He was finishing up his last requirements for graduating UGA and had completed an interview for MCG when the first rejection letter came. He wasn’t going to give up, but in the meantime, joined the Georgia Department of Human Resources in downtown Atlanta as a senior laboratory scientist in the virology lab. Every day after work, he’d stroll two blocks to Georgia State University, where he was taking graduate-level courses at night to stay academically active. He and Lee married that fall, then a month later he walked up to the sign-in table at UGA to retake the MCAT when he stopped and walked right back out. “I knew with everything going on and us getting married, I hadn’t spent any additional time trying to study or to improve,” he says. “At that moment, I had the awareness that if I took the MCAT again and did worse, it would worsen my chances.”
He applied again based on his original MCAT scores — then was rejected outright, without even an interview.
Remembering how Bob hadn’t given up, West took the day off from work to drive the nearly three hours to Augusta. He walked into the student center and into the office of Dr. Jim Puryear, then director of student affairs, and asked to speak with him. As West had no appointment, Puryear’s secretary said, “You’ll have to wait.” “So I sat down in his outer office and waited,” says West. “My knowledge of Pop’s experience and perseverance to become a physician had taught me that you have to work for what you want and not to let anyone else tell you that you were not good enough to do it. I was not going to leave until I had talked to this person.”
He waited from 10 a.m. to 4 p.m. — the secretary took pity on him and gave him a lunch ticket to the downstairs cafeteria — until Puryear finally was available. West had one question ready: “What do I need to do to get into MCG?”
There was more waiting as Puryear pulled out a file on West and flipped through it. “I remember him as a matter-of-fact, but kind person,” says West. “He looked over everything, he didn’t dissuade me…but he matter-of-factly said, ‘You need better numbers.’” So West responded, “OK, I’ll get them and I’ll be back.”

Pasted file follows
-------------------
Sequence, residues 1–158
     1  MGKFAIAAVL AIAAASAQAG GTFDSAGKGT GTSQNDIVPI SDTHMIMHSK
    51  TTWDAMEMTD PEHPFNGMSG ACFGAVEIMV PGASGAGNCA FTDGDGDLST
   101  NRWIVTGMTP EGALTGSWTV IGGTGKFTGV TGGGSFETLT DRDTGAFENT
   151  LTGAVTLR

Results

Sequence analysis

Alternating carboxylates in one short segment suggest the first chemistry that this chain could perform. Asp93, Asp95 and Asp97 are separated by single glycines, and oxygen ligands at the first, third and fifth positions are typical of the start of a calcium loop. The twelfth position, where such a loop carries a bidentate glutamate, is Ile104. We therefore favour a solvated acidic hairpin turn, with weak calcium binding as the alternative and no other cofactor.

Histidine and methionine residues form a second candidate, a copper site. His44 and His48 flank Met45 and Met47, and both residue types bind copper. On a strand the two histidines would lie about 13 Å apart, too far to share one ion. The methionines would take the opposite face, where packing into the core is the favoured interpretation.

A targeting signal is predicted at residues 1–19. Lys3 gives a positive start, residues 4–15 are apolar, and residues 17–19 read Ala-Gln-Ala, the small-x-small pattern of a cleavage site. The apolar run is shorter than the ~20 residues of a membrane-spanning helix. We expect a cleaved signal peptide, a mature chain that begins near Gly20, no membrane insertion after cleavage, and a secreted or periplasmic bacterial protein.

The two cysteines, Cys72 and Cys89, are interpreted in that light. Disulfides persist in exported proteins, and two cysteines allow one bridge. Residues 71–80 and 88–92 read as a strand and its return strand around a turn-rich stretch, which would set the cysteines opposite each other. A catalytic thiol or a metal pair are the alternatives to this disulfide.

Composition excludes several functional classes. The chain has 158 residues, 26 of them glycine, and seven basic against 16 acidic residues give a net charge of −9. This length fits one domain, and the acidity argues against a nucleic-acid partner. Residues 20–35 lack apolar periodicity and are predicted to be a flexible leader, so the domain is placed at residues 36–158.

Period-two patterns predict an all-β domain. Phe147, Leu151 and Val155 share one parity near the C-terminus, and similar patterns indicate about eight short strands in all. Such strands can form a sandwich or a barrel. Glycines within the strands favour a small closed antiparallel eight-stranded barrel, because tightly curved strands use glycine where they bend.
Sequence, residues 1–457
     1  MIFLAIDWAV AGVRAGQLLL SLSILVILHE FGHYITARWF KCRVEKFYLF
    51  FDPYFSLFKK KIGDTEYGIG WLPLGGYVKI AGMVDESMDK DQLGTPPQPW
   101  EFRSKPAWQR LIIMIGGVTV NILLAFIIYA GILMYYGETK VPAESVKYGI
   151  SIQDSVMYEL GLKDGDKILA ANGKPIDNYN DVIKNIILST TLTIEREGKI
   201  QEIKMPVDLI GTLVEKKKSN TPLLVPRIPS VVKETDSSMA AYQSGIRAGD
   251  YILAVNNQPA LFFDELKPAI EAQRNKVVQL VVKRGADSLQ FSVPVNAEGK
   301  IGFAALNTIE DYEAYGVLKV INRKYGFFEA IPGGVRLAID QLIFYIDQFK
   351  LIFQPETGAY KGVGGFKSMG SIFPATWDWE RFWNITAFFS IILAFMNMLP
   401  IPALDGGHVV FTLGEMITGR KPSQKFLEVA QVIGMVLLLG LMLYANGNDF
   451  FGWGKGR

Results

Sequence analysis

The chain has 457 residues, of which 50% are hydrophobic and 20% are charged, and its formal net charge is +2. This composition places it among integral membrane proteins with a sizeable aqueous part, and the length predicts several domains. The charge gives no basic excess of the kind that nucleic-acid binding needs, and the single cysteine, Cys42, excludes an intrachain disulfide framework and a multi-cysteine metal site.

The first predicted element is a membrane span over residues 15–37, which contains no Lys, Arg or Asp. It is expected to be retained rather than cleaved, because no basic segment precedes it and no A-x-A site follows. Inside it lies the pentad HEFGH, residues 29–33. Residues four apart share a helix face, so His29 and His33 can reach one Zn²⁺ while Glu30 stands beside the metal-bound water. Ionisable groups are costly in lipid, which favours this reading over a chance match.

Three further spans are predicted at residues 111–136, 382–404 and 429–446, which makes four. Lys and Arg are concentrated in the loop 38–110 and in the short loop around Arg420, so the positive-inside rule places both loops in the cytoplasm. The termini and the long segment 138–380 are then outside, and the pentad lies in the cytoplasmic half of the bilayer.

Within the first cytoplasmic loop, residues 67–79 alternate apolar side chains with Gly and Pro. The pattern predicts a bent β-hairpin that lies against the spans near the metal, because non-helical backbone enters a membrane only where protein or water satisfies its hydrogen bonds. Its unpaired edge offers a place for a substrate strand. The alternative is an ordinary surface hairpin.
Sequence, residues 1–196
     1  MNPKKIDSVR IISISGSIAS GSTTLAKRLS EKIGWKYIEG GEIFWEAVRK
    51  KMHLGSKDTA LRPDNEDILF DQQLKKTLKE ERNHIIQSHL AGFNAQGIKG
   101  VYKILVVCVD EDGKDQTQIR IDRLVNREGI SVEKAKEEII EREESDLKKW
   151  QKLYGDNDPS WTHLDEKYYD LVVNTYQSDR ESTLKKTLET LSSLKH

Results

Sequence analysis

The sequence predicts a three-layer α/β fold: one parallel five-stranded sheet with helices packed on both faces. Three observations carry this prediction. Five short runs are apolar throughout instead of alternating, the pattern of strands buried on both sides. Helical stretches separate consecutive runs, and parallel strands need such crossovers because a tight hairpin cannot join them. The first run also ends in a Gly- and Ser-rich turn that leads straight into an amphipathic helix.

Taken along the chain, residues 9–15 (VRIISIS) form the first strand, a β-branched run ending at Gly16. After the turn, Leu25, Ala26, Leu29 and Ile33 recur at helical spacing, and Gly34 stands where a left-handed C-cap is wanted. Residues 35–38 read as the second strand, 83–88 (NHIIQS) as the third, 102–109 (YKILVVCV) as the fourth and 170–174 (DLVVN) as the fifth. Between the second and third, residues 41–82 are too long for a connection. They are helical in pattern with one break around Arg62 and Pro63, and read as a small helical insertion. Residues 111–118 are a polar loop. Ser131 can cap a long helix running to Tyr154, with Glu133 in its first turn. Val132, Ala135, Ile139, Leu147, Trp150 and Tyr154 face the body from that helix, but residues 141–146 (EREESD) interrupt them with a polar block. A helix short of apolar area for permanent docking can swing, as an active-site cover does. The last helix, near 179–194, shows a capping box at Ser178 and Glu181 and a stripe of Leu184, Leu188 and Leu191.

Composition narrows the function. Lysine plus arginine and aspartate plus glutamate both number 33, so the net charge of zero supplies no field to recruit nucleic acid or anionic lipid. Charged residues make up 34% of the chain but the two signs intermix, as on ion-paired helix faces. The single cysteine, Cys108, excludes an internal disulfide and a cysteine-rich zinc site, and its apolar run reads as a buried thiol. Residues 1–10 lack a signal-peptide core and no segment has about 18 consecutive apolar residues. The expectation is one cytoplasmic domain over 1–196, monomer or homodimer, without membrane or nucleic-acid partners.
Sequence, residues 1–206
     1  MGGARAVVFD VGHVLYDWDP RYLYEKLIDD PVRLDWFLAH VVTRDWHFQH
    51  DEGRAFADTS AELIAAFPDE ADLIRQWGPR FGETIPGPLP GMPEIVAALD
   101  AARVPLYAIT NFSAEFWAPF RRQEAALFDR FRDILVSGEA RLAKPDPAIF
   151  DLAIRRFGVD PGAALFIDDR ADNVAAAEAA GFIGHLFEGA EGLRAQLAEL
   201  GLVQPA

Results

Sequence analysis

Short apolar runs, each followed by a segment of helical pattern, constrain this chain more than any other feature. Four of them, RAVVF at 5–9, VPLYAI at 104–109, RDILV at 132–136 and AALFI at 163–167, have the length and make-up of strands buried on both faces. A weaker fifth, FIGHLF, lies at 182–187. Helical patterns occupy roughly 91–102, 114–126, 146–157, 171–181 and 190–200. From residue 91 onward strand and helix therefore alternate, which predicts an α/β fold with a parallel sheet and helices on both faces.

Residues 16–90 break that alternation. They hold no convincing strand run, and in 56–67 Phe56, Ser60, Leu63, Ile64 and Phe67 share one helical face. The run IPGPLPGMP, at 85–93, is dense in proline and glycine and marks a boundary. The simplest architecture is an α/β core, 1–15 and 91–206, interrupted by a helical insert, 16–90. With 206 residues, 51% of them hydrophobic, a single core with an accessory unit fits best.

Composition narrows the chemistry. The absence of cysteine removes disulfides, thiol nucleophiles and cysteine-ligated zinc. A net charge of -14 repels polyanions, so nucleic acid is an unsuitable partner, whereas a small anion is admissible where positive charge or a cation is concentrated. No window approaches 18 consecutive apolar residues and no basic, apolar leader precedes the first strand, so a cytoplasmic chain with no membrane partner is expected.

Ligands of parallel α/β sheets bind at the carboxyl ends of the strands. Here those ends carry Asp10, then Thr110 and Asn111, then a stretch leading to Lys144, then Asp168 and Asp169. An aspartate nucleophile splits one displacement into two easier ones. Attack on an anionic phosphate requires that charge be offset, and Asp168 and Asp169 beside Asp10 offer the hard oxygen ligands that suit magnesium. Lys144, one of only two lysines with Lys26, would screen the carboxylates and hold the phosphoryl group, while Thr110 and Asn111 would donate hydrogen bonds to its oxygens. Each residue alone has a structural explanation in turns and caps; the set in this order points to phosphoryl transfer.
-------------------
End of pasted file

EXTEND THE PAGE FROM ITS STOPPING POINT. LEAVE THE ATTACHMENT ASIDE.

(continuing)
The meeting took all of 10 minutes. But West had his marching orders. For the next eight months, he studied for 2.5 hours a day — during breaks at the lab, with permission from his manager — while continuing to work full-time and take night classes. He retook the MCATs and raised all of his scores, including doubling his physics score, and reapplied with high hopes.
Then it was February, and friends were getting acceptances, but not West. Finally, the invitation for an interview came, but in June, another letter: He was an alternate. Lee was worried, so as a backup plan, West applied and was accepted to UGA’s landscape architect school. It wasn’t as out of left field as it might seem: He enjoyed building and nature, and his next-door neighbor growing up was a landscape architect.
Then late summer, after he came home, Lee greeted him with shining eyes. In her hands was a registered letter. “Back then, you knew that you were going to be accepted because the letter came by registered mail,” West says. It was signed by Dr. Puryear.
He and Lee immediately drove the 15 miles to Forest Park, where Bob and Mary Alyce still lived. “I walked in and handed him the letter, and he got all teary,” says West. Bob passed away in 1997 at age 82, an MCG-trained physician for 41 years. But in West’s mind’s eye, “I can still see him… He didn’t say anything, just hugged me and cried.”
“To me, it was a lifetime of preparing [to be a doctor],” says West. Or, even three lifetimes, thinking back to not just his father but also his grandfather, three generations of physicians.
It was also due to MCG, which connected Bob to Jack Raulston and saved West.
What he appreciates most about his time at MCG is the medical school’s training philosophy: “The people who trained and taught me always did so in a way that I always felt they were there to help me be the best,” he says. “They wanted you to go out with confidence.” After graduating and completing his internship and family medicine residency at MCG, West opened a private practice in family medicine in 1988; today, he’s still seeing patients, having just opened a new practice with Atlanta’s Northside Gwinnett Hospital. In addition to family medicine, West has also been board certified in clinical lipidology since 2008, and his practice now involves adult medicine with an emphasis on adult primary care and prevention, focusing particularly on atherosclerotic coronary artery disease prevention and aggressive treatment of lipid and lipoprotein disorders. In more than three decades of medical care, West has received multiple awards, including being named 2017 Physician of the Year by the Gwinnett County Chamber of Commerce for his work in lipidology for coronary artery disease prevention and treatment.
“I was saved. I never took that for granted. There are [patients] I’ve seen whose lives I’ve saved. Had I not been here to begin with, that might not have happened. I have tried to give something back every day to honor the fact that I am here. If not for two MCG grads, I would not be here today.”
–Dr. John West